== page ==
How good are the best?

In complex jobs, the best 10% of workers produce 8 times as much as the bottom 10%.

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Imagine you’re offered the top job at SCI – one of the world’s most cost-effective charities – should you take it?

SCI’s historical annual budget has been just under $10m (1). With $10m, SCI is able to provide 20 million children with medicine that prevents neglected tropical diseases each year (2). We’d expect this to lead to 250,000 years of extra healthy life per year (3), as well as to yield long-term education and economic benefits to the millions of people in the affected area (4).

A 10% improvement to SCI’s efficiency means treating an extra 2 million children and creating an extra 25,000 years of healthy life per year. That’s roughly equivalent to saving 800 lives per year (5). So, a small improvement to SCI’s efficiency is a big deal. The same would go for someone who could fundraise an extra 10% for SCI.

Whether you could increase SCI’s impact by 10% is a tough question, and given the organisation’s extreme efficiency, we have reason to be sceptical. But one issue that bears on the question is the following: how much do different employees typically differ in output?

Sci

There have been many studies looking at this very question, across a wide range of jobs, which are summarised in a meta-study by Hunter, Schmidt and Judiesch (6). Output is measured in a variety of ways. For salespeople, it’s the dollar value of what they sell. For doctors, it could be the number of patients seen and treated. Other studies have been done with standardised tests, supervisor ratings and many other metrics (7). I should flag that it’s not clear how well these metrics correlate with the real value produced by jobs, but I’ll run with them for now.

What they found is that in low complexity jobs, workers’ outputs do not vary much, and the best worker is usually not much better than the average worker. As the jobs become more complex however, there’s more and more variation, and the difference between the best worker and the average grows. For example, in low-complexity jobs the top 10% of workers produce 25% more than the average, and 75% more than the bottom 10%. For high-complexity jobs, such as professional and sales jobs, the difference is much larger. The top 10% of workers produce 80% more than the average, and 700% more than the bottom 10% (8).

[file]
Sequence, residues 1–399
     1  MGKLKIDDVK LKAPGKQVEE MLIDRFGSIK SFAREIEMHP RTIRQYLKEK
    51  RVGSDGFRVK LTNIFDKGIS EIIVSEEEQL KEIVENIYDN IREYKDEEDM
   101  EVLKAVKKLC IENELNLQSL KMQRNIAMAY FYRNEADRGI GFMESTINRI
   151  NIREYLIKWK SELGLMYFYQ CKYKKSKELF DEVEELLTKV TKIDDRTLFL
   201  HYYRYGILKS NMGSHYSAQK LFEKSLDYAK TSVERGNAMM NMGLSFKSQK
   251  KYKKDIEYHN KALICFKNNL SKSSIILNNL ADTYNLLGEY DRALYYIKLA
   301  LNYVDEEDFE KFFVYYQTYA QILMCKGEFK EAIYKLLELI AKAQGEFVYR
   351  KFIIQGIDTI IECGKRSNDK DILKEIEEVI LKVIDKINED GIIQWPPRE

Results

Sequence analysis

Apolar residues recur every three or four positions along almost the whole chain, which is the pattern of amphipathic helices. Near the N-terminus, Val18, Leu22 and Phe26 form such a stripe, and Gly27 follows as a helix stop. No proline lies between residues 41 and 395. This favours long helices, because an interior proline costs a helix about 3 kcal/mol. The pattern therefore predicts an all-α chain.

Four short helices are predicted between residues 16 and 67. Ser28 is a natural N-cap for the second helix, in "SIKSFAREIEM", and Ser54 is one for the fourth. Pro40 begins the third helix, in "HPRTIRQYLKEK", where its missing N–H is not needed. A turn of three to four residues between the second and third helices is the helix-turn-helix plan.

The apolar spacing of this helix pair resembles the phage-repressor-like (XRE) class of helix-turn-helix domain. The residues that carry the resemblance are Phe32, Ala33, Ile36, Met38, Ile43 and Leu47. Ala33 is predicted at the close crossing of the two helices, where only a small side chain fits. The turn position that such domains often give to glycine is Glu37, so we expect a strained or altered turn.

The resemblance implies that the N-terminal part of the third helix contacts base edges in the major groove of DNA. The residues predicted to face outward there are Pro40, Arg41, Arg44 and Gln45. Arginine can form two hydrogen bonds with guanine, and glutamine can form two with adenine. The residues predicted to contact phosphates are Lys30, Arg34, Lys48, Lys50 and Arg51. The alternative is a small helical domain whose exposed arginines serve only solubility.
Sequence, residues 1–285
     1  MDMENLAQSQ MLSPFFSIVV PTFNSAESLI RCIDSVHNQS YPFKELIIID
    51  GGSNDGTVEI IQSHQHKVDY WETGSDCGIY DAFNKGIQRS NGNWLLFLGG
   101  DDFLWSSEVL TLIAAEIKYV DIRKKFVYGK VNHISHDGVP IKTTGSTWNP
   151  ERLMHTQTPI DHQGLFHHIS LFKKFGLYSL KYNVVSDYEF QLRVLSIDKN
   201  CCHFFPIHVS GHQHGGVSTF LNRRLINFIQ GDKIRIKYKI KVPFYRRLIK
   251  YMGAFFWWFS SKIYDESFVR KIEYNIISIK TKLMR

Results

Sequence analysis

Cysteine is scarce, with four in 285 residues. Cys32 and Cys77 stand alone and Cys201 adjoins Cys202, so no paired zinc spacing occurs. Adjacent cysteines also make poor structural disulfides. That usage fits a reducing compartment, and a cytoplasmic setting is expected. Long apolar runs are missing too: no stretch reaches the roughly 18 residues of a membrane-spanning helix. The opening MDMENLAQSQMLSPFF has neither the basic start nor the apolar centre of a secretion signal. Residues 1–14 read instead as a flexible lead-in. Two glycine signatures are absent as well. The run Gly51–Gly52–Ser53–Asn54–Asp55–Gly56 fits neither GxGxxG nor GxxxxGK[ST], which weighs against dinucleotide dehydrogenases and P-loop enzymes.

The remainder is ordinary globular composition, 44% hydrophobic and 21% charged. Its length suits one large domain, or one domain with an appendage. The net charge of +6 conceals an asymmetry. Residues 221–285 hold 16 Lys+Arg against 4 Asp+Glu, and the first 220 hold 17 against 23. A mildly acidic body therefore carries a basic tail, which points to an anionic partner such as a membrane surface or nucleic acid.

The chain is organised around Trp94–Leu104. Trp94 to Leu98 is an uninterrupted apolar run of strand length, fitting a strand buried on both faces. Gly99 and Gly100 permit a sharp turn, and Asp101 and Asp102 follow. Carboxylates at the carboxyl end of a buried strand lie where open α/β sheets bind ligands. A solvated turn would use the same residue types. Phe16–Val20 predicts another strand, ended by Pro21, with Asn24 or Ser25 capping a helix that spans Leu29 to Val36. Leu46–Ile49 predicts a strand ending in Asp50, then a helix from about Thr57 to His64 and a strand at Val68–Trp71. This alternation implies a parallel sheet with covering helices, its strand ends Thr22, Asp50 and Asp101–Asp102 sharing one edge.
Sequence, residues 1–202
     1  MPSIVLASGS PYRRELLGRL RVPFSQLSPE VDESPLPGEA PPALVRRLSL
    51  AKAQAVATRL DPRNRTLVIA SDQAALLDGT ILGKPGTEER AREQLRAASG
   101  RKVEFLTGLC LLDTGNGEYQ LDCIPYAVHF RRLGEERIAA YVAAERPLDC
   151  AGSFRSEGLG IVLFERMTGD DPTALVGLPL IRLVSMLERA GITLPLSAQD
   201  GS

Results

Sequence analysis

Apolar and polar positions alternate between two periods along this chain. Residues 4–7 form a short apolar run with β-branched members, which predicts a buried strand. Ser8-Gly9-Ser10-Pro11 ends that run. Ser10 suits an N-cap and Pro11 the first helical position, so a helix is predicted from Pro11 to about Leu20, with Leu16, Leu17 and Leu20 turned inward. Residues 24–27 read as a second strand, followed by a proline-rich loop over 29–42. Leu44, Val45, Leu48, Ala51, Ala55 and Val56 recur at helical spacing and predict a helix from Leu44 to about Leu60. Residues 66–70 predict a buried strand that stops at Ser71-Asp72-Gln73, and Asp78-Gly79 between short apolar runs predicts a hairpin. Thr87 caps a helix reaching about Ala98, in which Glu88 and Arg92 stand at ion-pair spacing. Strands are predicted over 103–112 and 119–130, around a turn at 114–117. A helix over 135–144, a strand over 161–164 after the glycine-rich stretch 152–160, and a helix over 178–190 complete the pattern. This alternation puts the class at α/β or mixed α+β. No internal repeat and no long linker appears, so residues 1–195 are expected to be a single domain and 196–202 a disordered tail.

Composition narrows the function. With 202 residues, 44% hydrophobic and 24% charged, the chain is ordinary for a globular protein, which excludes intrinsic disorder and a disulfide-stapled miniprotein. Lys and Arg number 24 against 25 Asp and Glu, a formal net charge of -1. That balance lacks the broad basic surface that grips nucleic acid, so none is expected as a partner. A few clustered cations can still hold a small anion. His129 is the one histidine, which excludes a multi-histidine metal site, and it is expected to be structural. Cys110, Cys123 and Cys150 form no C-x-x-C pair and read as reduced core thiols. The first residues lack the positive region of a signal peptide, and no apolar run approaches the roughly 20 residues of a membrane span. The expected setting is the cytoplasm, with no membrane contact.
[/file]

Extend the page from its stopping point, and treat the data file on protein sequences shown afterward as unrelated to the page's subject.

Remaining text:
Taking these findings literally suggests that the bottom 3% of workers in professional jobs have negative output. Hunter, Schmidt and Judiesch believe this is unlikely, and interpret it to mean that the distribution is not a perfect bell-curve, but instead stops around zero output (it’s probably log-normal instead). I agree that it’s unlikely that someone’s direct output could be negative for long before they were fired. Imagine if a doctor killed more patients than he treated. But if we think about all the indirect effects someone can have on an organisation, like decreasing team morale and consuming lots of supervisor time, then it’s not implausible that some people have an overall negative contribution.

The methods used to measure output often don’t take these indirect effects into account. They tend to focus on what each employee did directly, e.g. the number of insurance contracts sold or the number of patients treated. This would suggest the studies significantly understate the differences in output that really matter.

The crudeness of the metrics will be another reason why the figures might tend to underestimate the true variability in output. For instance, ‘the number of patients treated’ gives some indication of the output of different doctors, but some treatments are better than others. Curing 100 patients of sore throats is not as good as curing 100 patients of cancer. So, there another important type of variation that’s being missed.

So, among charity managers and fundraisers, it would be normal for a good one to be about twice as good as an average one, and many, many times better than a bad one. Being 10% better than your replacement at the top of a charity, therefore, could be quite achievable. And very high impact.


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References

(1) The total budget from 2002-2010 was $68m. http://givewell.org/international/top-charities/schistosomiasis-control-initiative##Overallspendingbreakdown

(2) The annual cost of treatment is about 50p/person http://www3.imperial.ac.uk/schisto/whatwedo

(3) Using $40/DALY http://blog.givewell.org/2011/09/29/errors-in-dcp2-cost-effectiveness-estimate-for-deworming/

(4) http://givewell.org/international/technical/programs/deworming##Developmental

(5) Using the standard conversion: preventing 30 DALY = saving one life

(6) Hunter, J. E., Schmidt, F. L., Judiesch, M. K., (1990) “Individual Differences in Output Variability as a Function of Job Complexity”, Journal of Applied Psychology http://psycnet.apa.org/index.cfm?fa=fulltext.journal&jcode=apl&vol=75&issue=1&page=28&format=HTML

(7) Note that the study does correct for the fact that we can’t perfectly measure output, because we can only take a limited sample of what the worker does

(8) More accurately, output follows a normal distribution (though sometimes with positive skew). For low-complexity jobs, the standard deviation of the distribution is 15%. For high-complexity jobs it raises to 45%. The most variation is found in life insurance sales, where output has a standard deviation of 110%!

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